Category Archives: savasana

Indaba Recap

by Adam Frei

It has been four days since we returned from London and somehow it seems to have taken place a few months ago. Sri Dharma said to me at the start of our trip that in a moment it would be over. On our way back to the airport, he said: “You see? Already finished – like a dream.” It was, for all of us that went, a very pleasant dream.

Sri Dharma travels less these days than a few years ago, but he still travels quite a bit and his teaching takes him around the world. For the last couple of years, he has been saying that he really wanted to take the Dharma Yoga Kirtan Band along with him. As the London workshops seemed like they were going to be large and some of the band members had the dates available, we were able to make it happen. Although my position at the Center means that I get to work closely with Sri Dharma, it has been a while since I’ve been able to travel with him. It was, for me, a very special opportunity.

The venue was part of the Lords Cricket Ground in North London. It easily accommodated the 250 plus people that were part of each session. The presenters, Indaba Yoga, did a great job managing every aspect of the weekend. Most of the classes were two hours long. Somehow, Sri Dharma managed to include a full practice of Asana as part of each one, a brief, but focused spiritual discourse, an introduction to basic Pranayama techniques, recitation of mantra, Kirtan with the band and a full experience of Yoga Nidra. The classes never felt rushed, yet he managed to include so much. Spiritual discourse treated such topics as compassion, the Kleshas and the Koshas. What particularly impressed me was how Sri Dharma gave us a full experience of Yoga Nidra, sometimes in as little as twelve minutes, but that included complete relaxation of the body, visualization and autosuggestions. Truly extraordinary. The enthusiasm of the students was wonderful to observe.

Some highlights from Sri Dharma’s teaching as part of and outside of the workshops:

Indicating a small, cube refrigerator: “You see, that’s the perfect size for a Yogi.”

“I’m going to add some extra sugar to all the sessions this weekend.”

“We are doing Rabbit (Pose) here now. I bet if I look around the room, I see many Camels. If I catch any Camels, I throw them out.”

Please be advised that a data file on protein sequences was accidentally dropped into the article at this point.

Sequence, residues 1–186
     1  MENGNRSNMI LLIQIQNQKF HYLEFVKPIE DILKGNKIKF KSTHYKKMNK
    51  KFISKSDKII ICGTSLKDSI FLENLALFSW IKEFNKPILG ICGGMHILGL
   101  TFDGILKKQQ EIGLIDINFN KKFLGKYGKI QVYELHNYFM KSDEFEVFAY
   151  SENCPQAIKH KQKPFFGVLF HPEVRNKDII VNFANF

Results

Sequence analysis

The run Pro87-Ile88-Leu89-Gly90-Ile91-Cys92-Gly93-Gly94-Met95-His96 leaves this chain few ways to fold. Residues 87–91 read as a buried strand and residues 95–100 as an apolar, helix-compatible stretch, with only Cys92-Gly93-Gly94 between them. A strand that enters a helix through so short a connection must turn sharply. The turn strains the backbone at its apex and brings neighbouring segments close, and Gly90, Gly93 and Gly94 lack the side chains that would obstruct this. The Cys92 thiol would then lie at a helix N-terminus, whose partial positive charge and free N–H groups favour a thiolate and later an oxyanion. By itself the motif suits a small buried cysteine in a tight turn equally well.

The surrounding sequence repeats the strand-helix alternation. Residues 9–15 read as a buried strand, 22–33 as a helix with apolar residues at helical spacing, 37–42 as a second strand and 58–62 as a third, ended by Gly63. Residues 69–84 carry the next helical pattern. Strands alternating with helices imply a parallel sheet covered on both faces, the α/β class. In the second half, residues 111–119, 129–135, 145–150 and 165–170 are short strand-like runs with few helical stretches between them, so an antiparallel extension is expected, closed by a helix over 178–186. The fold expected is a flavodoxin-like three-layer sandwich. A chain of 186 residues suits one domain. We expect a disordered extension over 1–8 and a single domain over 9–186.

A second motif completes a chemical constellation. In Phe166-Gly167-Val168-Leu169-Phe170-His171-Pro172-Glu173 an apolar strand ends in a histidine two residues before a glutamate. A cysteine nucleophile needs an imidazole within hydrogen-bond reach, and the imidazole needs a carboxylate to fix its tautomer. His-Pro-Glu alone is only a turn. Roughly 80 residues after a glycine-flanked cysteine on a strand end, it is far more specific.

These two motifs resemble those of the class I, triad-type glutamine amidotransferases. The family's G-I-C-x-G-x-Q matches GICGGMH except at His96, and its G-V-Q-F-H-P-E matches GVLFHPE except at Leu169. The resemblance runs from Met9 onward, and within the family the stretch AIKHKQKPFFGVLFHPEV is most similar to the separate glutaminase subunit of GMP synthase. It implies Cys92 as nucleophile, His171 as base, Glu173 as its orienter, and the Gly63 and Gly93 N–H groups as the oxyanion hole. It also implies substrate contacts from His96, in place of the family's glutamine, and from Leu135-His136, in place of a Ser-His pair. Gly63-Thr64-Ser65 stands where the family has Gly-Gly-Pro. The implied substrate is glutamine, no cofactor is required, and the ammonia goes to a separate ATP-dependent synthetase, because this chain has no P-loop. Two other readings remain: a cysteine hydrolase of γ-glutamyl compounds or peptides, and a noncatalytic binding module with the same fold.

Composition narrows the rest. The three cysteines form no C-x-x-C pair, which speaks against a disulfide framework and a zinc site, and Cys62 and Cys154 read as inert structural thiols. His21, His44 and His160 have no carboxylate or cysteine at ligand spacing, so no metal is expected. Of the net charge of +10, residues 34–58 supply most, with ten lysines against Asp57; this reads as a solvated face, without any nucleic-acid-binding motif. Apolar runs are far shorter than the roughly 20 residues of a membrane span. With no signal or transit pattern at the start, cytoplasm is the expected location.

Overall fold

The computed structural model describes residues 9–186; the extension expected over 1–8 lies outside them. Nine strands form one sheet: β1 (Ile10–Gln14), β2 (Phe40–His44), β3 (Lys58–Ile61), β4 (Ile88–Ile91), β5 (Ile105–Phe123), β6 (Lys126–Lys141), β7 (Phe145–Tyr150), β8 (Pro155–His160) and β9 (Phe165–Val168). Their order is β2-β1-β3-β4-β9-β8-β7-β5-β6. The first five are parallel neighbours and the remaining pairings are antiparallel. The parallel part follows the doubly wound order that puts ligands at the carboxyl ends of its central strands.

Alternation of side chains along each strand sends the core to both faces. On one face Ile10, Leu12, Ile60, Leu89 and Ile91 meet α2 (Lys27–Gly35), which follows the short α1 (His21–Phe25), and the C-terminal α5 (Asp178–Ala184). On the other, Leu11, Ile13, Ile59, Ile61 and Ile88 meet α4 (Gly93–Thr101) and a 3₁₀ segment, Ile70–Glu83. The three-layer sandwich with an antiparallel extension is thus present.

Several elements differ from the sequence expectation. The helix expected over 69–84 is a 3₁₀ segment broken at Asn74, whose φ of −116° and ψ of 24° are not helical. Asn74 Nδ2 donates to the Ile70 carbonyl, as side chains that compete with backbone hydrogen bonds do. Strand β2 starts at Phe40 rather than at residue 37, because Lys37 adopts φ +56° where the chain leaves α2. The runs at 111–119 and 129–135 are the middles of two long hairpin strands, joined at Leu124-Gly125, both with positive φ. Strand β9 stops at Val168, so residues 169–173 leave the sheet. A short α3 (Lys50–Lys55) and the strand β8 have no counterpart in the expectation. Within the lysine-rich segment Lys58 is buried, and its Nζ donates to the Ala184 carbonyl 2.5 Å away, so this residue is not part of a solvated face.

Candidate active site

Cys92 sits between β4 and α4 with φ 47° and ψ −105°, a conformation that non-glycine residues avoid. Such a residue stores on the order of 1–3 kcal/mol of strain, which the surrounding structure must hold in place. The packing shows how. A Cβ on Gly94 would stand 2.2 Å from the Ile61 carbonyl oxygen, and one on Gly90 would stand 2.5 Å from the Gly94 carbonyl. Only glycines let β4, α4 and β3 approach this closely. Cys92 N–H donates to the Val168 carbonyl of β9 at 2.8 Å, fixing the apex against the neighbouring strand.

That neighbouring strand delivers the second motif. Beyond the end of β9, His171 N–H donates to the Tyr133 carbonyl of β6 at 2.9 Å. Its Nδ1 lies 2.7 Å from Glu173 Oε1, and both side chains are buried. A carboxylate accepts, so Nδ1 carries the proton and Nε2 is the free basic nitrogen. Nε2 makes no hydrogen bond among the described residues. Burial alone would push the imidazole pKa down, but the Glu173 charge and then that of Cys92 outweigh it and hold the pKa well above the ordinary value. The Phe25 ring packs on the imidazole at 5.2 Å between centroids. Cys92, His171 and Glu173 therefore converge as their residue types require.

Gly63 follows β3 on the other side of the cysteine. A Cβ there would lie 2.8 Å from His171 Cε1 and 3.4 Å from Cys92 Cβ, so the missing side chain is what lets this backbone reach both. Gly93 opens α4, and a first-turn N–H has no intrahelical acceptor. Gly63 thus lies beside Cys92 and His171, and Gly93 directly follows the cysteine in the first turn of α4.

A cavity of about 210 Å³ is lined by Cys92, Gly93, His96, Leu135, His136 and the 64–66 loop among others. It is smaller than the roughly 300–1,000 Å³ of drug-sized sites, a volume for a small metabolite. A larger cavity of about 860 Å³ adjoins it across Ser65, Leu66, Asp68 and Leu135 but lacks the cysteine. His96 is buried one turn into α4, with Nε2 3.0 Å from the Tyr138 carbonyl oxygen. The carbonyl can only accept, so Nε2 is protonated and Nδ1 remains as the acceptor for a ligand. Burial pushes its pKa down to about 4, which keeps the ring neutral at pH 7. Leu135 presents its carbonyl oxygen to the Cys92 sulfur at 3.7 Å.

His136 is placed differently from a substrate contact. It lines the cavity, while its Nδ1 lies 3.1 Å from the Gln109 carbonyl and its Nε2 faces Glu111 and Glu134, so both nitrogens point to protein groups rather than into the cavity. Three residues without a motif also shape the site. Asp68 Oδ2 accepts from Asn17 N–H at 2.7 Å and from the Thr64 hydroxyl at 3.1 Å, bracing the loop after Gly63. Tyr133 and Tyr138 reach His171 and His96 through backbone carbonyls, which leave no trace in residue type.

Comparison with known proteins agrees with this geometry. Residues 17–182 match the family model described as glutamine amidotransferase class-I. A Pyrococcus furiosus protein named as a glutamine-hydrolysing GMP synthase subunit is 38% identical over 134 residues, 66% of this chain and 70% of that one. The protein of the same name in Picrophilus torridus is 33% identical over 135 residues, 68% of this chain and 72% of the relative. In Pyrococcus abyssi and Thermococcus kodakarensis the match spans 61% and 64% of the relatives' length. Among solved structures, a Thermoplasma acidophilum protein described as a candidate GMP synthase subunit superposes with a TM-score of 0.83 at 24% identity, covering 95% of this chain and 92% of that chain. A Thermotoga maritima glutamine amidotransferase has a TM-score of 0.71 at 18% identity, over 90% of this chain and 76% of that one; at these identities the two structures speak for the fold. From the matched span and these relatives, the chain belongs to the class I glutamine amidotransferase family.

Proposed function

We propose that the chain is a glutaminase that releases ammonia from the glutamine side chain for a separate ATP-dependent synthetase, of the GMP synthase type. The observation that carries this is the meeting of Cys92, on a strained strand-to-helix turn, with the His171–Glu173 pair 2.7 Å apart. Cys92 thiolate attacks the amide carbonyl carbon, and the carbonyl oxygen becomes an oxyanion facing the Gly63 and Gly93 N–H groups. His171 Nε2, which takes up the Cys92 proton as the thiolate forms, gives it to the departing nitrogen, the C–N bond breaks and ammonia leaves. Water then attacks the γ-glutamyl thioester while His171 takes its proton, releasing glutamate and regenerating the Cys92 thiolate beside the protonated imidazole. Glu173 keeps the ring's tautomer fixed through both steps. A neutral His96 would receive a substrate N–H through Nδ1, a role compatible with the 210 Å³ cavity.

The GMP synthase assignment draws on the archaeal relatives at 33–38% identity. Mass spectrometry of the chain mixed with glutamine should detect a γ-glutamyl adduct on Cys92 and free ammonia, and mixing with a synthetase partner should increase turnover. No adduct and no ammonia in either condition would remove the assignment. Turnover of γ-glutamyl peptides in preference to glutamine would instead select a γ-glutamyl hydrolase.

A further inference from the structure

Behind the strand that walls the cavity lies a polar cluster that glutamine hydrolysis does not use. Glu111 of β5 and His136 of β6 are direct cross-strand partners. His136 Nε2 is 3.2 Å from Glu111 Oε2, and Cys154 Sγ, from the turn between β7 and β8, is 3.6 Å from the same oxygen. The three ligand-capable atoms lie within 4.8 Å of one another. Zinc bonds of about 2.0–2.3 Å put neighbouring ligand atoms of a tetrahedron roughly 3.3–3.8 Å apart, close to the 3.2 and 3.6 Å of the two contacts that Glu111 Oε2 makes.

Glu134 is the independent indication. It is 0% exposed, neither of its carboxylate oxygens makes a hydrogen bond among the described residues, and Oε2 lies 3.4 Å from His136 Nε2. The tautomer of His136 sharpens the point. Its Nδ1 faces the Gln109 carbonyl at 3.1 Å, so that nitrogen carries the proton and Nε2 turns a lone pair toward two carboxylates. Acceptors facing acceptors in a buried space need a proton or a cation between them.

“If G-d come here right now and catch you not singing, that would be a catastrophe!”

“The action of compassion is to see yourself in others.”

“The orchestra is going to come and play now, so leave your mats and come close.”

“Move together like in a parade. Then we share all the knowledge psychically and become one.”

“I have an old car (body). The brakes don’t work so well anymore and some of the systems are starting to shut down. That’s why I always try and put the best quality fuel in. In about 10 or 20 years, I’ll be back with a new car.”

“We’re going to do Spiritual Breathing now so you feel spiritually inspired.”

“If you are interested to go deeper into yoga, you should read The Yoga-Sutras and The Hatha Yoga Pradipika. For those just interested in living a more ethical life, there’s The Dammapada.”

“From the Hubble Space Telescope, we know that there are millions of blue planets. Some are ahead of us. Some, still with dinosaurs. The reason the aliens never come here, is because when they look through their telescope and zoom, zoom in on McDonalds, they see us eating animals, and then they never come here. They are soft and their limbs are tender. They are afraid that if they come here, they get eaten.”

“In one generation, it is predicted that there will be harmony among all the people of the earth. Then no need for the first step of yoga – the Ethical Rules – what for?”

“Do you know about the Koshas? These are the sheathes that cover Atman. It's good to know about them so you can negate them.”

“You become one with G-D at this moment. One with the Supreme Self.”